Saskatchewan Attractions

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Wander with me as I explore giant roadside attractions, five-way stops, historic Hungarian settlements and the brightest little town in the prairies.

First, stop at Esterhazy - located 83km southeast of Yorkton - is the homes of Potash Pete. This monument is placed in recognition of the founders, developers and miners of the potash industry in Saskatchewan. Fozzy and I agree that Potash Pete has a great smile!

Just a stone's throw from Potash Pete is the local museum that really helped me get a glimpse into life in the past. In addition to pioneer-era artifacts, you will find many other unique attractions like one of the oldest mills in Saskatchewan and antique trains. This spot makes for that perfect Sunday trip with the family.

Dave Moore Volunteer at the museum

Locals always know the best places to check out, so I followed a tip from Dan at the museum to drive 5km south of Esterhazy on grid 637 to see the beautiful Kaposvar Historical Site. Established in 1886 as one of the first Hungarian settlements in Western Canada, this site captures the Hungarian heart of this place.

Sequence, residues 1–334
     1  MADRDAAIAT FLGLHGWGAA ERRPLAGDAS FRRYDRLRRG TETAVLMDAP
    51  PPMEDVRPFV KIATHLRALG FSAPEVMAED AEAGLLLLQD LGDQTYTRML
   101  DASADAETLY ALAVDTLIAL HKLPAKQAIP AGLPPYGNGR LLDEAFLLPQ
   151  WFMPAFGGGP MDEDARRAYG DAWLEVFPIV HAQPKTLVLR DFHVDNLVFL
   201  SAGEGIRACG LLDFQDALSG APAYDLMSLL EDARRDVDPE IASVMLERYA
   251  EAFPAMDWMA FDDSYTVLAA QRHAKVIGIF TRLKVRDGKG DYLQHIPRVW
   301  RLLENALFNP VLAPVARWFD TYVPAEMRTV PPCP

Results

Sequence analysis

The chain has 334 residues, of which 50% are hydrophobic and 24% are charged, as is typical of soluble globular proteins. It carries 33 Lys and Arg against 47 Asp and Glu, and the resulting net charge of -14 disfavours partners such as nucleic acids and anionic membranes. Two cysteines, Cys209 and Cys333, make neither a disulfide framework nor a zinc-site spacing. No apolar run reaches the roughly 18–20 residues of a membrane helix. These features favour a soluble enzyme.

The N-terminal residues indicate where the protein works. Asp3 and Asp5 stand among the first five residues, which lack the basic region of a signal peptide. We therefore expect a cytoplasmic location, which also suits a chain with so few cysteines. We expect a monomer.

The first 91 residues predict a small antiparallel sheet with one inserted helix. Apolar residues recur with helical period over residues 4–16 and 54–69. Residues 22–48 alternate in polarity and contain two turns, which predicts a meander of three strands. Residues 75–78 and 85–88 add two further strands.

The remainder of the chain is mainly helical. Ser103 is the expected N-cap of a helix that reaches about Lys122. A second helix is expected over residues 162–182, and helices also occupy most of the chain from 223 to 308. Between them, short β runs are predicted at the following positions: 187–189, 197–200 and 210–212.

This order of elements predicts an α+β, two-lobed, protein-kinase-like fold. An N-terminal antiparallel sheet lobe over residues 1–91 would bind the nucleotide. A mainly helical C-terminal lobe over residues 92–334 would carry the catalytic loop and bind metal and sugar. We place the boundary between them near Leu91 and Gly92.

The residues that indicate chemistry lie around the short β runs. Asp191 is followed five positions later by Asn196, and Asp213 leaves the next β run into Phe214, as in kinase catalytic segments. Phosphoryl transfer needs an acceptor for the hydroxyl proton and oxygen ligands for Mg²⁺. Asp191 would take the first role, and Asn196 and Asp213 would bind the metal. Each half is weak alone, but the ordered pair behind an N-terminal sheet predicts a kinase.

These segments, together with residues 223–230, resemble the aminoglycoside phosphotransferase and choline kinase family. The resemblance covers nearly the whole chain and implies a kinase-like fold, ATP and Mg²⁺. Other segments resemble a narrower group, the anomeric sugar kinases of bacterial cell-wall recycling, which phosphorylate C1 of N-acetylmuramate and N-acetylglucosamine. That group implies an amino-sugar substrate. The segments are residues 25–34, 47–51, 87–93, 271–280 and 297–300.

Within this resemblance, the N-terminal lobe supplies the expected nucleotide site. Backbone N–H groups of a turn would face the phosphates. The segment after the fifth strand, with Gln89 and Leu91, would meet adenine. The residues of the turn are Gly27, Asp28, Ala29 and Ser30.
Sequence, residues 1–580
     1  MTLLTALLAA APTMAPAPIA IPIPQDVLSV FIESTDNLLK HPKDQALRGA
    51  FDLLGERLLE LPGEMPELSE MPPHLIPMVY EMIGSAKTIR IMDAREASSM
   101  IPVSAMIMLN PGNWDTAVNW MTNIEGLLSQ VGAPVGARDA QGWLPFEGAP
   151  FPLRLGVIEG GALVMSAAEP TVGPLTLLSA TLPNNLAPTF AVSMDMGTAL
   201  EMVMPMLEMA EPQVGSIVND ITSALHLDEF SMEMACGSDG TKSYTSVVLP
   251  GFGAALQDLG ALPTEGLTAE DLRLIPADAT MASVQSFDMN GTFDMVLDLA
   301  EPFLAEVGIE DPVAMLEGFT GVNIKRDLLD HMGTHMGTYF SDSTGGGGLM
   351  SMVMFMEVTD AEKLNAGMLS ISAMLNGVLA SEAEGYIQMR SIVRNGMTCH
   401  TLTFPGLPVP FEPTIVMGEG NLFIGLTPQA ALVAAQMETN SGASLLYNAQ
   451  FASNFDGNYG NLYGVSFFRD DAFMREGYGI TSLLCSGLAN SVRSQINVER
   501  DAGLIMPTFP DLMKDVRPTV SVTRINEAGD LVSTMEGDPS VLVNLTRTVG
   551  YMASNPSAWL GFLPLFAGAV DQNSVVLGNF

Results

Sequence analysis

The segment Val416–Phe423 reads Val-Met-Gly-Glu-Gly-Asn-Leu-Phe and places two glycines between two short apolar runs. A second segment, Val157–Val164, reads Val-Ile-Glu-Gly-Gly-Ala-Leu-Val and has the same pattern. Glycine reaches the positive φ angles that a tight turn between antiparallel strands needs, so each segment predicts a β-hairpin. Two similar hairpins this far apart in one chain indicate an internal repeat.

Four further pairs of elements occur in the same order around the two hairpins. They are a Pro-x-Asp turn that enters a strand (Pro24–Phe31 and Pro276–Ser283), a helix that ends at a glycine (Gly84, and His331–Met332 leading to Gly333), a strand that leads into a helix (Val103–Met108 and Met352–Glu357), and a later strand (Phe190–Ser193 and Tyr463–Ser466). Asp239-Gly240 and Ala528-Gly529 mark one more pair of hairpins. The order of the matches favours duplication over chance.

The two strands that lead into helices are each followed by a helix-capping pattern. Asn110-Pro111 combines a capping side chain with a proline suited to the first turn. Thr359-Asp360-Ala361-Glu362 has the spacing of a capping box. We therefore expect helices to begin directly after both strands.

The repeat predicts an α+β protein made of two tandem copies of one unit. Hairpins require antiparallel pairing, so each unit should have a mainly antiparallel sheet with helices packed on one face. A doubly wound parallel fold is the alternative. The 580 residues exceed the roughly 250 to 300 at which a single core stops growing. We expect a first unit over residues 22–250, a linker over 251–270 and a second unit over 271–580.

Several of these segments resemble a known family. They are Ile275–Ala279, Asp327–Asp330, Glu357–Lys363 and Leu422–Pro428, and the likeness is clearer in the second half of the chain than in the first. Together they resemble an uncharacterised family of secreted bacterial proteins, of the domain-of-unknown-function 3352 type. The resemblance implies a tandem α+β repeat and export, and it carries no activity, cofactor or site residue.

The next stop was Bredenbury, also know as "the brightest little town on the prairies", because of their incredible Christmas light festival. With the winter holidays just a few months away, I will be sure to come back and check out the lights! Thankfully I am a simple man, so the five-way stop gave me plenty to contemplate for now.

Next, I visited Saltcoats, where a thoughtful monument commemorating WWI veterans and fallen soldiers honouring those who fought for Canada in reveerence. Saltcoats is steeped in history, so to finish off the day I visited, "Saltcoats Historical Cemetery", and it was so interesting.

When i was a kid, my whole family used to go camping down south in Chile, internationally known as Patagonia. My dad had this idea that visiting the local cemeteries can be a way to learn more about the history of people and places we were exploring.

I hope this road trip adventure inspires you to take those roads less travelled. Thanks for reading!

El Saskatchewanderer